emotional experience which crystallize into single creations of art. They depend upon "inspiration"—a word which is responsible for half the overrating of such men, and for a good many of their illusions. Not that they do not perform great feats in the several spheres in which their several "inspirations" come; but with it all they do present the sort of unbalance and fragmentary intellectual endowment which allies them, in particular instances, to the classes of persons whom the theories I am discussing have in view. It is only to be expected that the kind of sharp jutting variation in the emotional and æsthetic realm which the great artist often shows should carry with it irregularities in heredity in other respects.
Besides, the very habit of this kind of genius, the habit of living by inspiration, puts a premium upon any half-hidden peculiarities which he may have, both in the remark of his associates and in the conduct of his own social duties. He gets to be considered the social exception, the anomaly, the man to be indulged; and his own sense of the greatness and peculiarity of his gifts leads him to claim the indulgence. I honestly think that a due imposition of certain social penalties upon men like Byron in the crises of their existence would at once have purified their lives and dignified their art; while at the same time it would have removed some of the best examples of Nordau and the rest, and suppressed the stimulus to the same kind of social deformity in later men of talent. Mark you, I do not discredit the superb art of these examples of the literary and artistic "degenerate"; that would be to make some of the highest ministrations of genius, to us men, random and illegitimate, and to deny to humanity some of its most exalting and intoxicating sources of inspiration. But I do still say that wherein such men move and instruct us they are in these spheres above all things sane with our own sanity, and wherein they are insane they do discredit to the inheritance to which their better gifts make legitimate claim.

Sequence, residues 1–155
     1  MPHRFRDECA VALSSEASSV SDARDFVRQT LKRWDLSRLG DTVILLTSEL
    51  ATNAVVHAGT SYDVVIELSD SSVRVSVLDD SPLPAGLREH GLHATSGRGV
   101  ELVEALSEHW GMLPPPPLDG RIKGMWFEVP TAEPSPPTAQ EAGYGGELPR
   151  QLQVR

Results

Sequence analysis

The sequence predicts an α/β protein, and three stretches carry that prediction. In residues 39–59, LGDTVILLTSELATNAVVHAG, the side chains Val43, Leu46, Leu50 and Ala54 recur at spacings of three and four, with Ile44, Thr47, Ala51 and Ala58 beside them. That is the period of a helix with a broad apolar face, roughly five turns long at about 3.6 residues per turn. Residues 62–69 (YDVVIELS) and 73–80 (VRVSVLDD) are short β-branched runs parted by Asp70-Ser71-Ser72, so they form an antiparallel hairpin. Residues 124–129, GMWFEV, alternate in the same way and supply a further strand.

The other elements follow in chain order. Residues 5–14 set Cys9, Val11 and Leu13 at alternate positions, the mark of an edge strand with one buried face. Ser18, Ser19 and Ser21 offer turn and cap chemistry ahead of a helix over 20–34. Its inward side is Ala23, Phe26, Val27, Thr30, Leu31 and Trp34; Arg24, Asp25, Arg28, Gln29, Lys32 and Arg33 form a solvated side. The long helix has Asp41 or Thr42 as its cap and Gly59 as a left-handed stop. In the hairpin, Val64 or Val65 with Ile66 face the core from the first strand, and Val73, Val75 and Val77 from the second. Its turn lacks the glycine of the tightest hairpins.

One of Balzac's characters again hits the nail on the head. "My dear mother," says Augustine, in the Sign of the Cat and Racket, "you judge superior people too severely. If their ideas were the same as other folks they would not be men of genius."
"Very well," replies Madame Guillaume, "then let men of genius stop at home and not get married. What! A man of genius is to make his wife miserable? And because he is a genius it is all right! Genius! genius! It is not so very clever to say black one minute and white the next, as he does, to interrupt other people, to dance such rigs at home, never to let you know which foot you are to stand on, to compel his wife never to be amused unless my lord is in gay spirits, and to be dull when he is dull."